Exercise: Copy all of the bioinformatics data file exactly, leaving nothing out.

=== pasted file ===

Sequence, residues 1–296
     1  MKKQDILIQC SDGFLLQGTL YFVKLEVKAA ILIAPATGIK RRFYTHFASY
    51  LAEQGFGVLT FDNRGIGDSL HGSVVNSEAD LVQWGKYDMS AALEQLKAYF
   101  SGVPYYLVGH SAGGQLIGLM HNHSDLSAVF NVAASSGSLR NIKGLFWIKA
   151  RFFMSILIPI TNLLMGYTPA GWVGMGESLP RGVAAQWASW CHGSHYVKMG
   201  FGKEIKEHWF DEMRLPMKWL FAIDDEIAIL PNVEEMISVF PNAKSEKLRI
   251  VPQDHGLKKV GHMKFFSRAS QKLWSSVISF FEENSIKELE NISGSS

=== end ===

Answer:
Sequence, residues 1–296
     1  MKKQDILIQC SDGFLLQGTL YFVKLEVKAA ILIAPATGIK RRFYTHFASY
    51  LAEQGFGVLT FDNRGIGDSL HGSVVNSEAD LVQWGKYDMS AALEQLKAYF
   101  SGVPYYLVGH SAGGQLIGLM HNHSDLSAVF NVAASSGSLR NIKGLFWIKA
   151  RFFMSILIPI TNLLMGYTPA GWVGMGESLP RGVAAQWASW CHGSHYVKMG
   201  FGKEIKEHWF DEMRLPMKWL FAIDDEIAIL PNVEEMISVF PNAKSEKLRI
   251  VPQDHGLKKV GHMKFFSRAS QKLWSSVISF FEENSIKELE NISGSS